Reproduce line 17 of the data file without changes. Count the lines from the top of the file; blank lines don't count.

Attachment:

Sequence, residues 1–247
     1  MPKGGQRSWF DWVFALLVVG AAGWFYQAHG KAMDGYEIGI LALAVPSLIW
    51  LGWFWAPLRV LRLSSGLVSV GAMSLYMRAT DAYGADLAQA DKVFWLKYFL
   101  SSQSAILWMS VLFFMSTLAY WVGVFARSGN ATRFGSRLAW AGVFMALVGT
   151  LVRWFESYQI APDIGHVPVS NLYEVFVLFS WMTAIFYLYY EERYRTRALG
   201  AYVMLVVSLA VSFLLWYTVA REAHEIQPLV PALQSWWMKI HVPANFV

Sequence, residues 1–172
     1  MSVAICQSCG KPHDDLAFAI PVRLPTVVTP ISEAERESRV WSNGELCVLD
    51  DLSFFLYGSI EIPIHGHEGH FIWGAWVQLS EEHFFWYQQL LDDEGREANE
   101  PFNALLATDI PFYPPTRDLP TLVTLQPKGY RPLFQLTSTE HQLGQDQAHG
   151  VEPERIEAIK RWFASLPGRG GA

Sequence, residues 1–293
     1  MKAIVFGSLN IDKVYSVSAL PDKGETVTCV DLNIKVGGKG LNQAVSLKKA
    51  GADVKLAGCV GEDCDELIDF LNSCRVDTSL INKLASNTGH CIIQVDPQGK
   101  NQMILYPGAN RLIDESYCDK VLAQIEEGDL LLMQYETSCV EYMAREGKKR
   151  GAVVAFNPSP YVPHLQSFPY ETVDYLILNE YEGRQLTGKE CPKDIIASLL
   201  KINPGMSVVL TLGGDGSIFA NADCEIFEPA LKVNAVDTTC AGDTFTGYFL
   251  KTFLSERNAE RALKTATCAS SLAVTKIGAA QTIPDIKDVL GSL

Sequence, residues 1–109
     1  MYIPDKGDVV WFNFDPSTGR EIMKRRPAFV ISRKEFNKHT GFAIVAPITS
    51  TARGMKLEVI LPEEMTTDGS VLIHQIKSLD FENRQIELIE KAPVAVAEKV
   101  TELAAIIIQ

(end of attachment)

   201  KINPGMSVVL TLGGDGSIFA NADCEIFEPA LKVNAVDTTC AGDTFTGYFL